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Grain Size
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Nonferrous topics such as copper and aluminum, annealing, etc. go here.
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TOPIC: Grain Size

Re: Grain Size 2 years, 3 months ago #1616

I've said a couple of times that I am not a metallurgist. I found the following:

The Development of Dislocation Structure and Texture in Rolled Copper (001)[110] Single Crystals
M. Wróbel, S. Dymek, M. Blicharski, and S. Gorczyca
Department of Metallurgy, Academy of Mining and Metallurgy, Kraków, Poland

Received 24 October 1987


The initial orientation has split into two equally strong symmetric orientations: (112)[111¯] and (112)[1¯1¯1]. Areas of identical orientation were band shaped and were called deformation bands. Up to 60% reduction, deformation occurs by slip on one plane (one from two possible) in two directions. This leads to the appearance of deformation bands with transition bands between them. Due to such deformation the initial orientation rotates around transverse direction towards the end-orientation (112)(111). Due to rotation of the crystallographic lattice with deformation, the Taylor factor M changes as well, and it causes the activation of two not coplanar slip systems which stabilize the end-orientations (112)(111). Such a sequence of the slip systems activation was concluded from the agreement of the calculated and experimental pole figures. The electron microscopy investigations showed that first shear bands formed due to the activation of these new slip systems.

From what I have read (again from memory) typical annealed copper has a mixture of 110, 111, 112. Wire that has been through the inline wire drawing and annealing by way of the enameling process has all 112 orientation and as a result has higher tensile strength and lower (better) springback values.

I know in the 60's there was a paper written about inline drawing by BICC engineer. It explained the structure and the results. I also wrote a paper and quoted him. I'll have to dig out a copy.

Re: Grain Size 2 years, 3 months ago #1617

Hi Spectre,

OK I am no metallurgist either but I did take a pretty serious metallurgy course in third year. Dusting off my metallurgy books, I came to this conclusion. I am pretty much out on a limb here so please let me know if I am right.

- Copper has a Face Centered Cubic (FCC) crystal structure meaning that each face of the crystal cube has 5 atoms of copper. One in each corner and one in the center.

- The Taylor Factor is nothing more than a measure of the plastic work required to deform a polycrystalline material and it is based on simple work relationships.

- The numbers you refer to are, I believe, the Miller Indices and these are the inverse numbers to plane intercepts in a single (FCC in this case) crystal. Thus the (112) orientation you refer to is a slip plane at X=1, y=1 and z (vertical)= 1/2 on the FCC crystal in the direction of drawing and that makes a lot of sense to me, recalling Mohr's Circle.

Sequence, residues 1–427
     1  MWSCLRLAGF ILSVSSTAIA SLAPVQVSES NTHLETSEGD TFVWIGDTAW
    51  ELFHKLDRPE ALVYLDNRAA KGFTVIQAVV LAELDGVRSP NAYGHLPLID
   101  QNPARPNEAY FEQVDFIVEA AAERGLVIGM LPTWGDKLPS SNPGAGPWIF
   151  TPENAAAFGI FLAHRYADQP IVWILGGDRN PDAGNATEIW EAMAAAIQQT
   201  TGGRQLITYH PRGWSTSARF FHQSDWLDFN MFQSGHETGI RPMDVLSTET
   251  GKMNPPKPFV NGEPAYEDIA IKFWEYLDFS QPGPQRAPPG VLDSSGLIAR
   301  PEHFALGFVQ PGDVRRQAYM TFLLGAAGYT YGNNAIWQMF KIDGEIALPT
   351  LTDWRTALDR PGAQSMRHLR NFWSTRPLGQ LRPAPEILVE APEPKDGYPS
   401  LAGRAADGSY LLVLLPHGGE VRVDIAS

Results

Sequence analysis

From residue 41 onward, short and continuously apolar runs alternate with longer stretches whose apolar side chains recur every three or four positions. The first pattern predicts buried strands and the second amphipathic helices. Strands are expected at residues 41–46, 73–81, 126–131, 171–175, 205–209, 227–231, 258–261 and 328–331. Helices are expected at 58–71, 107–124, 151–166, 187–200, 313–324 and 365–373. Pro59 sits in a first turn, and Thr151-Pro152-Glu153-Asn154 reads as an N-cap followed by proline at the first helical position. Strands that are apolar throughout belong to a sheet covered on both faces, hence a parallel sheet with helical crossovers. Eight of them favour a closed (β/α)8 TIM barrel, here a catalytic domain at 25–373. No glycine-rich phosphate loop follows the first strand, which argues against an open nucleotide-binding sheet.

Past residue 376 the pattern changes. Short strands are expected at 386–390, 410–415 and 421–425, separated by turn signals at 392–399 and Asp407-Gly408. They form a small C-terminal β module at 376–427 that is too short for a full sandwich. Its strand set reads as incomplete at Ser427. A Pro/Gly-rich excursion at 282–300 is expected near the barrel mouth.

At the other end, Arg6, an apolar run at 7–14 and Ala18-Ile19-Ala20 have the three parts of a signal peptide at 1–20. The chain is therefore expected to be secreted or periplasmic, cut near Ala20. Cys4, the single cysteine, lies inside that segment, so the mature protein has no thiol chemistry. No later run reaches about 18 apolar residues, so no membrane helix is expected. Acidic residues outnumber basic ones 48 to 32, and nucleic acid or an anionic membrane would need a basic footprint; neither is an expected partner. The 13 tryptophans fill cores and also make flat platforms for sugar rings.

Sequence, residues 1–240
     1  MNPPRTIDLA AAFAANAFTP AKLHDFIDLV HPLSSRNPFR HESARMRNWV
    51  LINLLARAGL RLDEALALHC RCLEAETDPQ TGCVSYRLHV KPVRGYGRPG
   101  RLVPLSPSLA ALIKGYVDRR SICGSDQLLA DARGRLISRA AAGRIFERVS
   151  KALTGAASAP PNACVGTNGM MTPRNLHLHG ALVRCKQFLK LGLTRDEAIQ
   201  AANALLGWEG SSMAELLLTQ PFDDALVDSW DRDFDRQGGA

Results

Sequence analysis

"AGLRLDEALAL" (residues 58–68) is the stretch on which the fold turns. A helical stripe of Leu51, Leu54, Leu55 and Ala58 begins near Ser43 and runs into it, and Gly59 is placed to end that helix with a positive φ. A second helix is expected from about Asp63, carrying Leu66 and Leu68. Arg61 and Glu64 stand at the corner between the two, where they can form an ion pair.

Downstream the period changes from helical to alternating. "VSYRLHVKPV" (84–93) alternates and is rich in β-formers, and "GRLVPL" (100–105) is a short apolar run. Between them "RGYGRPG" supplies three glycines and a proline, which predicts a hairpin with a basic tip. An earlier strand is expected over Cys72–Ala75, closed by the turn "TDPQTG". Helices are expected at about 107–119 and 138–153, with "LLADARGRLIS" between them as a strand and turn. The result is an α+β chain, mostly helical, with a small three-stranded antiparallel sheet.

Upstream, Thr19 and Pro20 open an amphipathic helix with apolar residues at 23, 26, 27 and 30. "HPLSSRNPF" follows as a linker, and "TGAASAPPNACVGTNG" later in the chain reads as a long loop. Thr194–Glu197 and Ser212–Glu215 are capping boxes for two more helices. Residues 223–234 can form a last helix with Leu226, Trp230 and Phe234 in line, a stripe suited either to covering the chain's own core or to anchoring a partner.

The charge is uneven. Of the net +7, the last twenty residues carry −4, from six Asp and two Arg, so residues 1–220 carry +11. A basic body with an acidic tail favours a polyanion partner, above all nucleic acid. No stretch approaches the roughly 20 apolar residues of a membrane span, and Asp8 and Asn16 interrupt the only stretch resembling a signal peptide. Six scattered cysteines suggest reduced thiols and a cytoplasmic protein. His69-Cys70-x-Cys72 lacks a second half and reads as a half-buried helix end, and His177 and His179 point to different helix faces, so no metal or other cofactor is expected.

- The crystal structure was somewhat unusually deformed by slow inline drawing but the slow inline annealing process at the enameling oven is inadequate to once again recreate the full FCC polycrystalline grain structure with random slip planes created by various building block errors and impurities. Instead, the original FCC polycrystalline structure remains organized in the deformed 112 slip plane orientation and that modifies the mechanical properties of the metal slightly.

Is that the way you understand it?

Best personal regards,
Peter J. Stewart-Hay
Stewart-Hay Associates

Re: Grain Size 2 years, 3 months ago #1618


Glad you got the metallurgy book out. I was struggling last night with using the wording face centered so I didn't. I think the description you give is correct as the crystalline structure of the wire is all or almost all 112 and as a result also has the altered properties.

For coil winding it is great because the higher tensile strength reduces stretching, and the lower spring back keep the coil from unwinding and losing form.

Re: Grain Size 2 years, 3 months ago #1619


Did you ever come across the term "Single Crystal Copper"? This is the OCC (Ohno Continuous Casting) process from Chiba, Japan. (Essentially a suburb of Tokyo.) We discussed the possibility of manufacturing this copper for very high end audio cables with Professor Ohno in 1987 but decided that it was too much of a piece-work process for us. The whole concept was to produce truly distortion free signals down a single crystal copper conductor. The thousands of grain boundaries per foot of conductor smear the signal somewhat but we were also not sure if the human ear would ever be able to tell the difference. Later as I recall, Sony was marketing headphones with single crystal copper leads.

Best personal regards,
Peter J. Stewart-Hay
Stewart-Hay Associates

Re: Grain Size 2 years, 3 months ago #1620


Prior to Ohno (1984), we provided wire to all of the major speaker/head set manufactures JBL, Koss, Bose, and a couple of others. At one time we were the wire of choice.

I did a web seach on Ohno and found a couple of good sites with equipment drawing and photos of slides at different magnification. One of the sites said that an OCC wire of 0.3mm would be 125 meters long which is probably more that enought for coils in head sets.

From the description of the process it appears similar to a Westinghouse process that was used to make very fine alumimum wire. A sample of aluminum is heated and compressed and a filament is extruded out a defined hole. In our case they were actually sending us 50 awg aluminum wire. Downside was that a big package was about 20 grams. We enamel insulated it.
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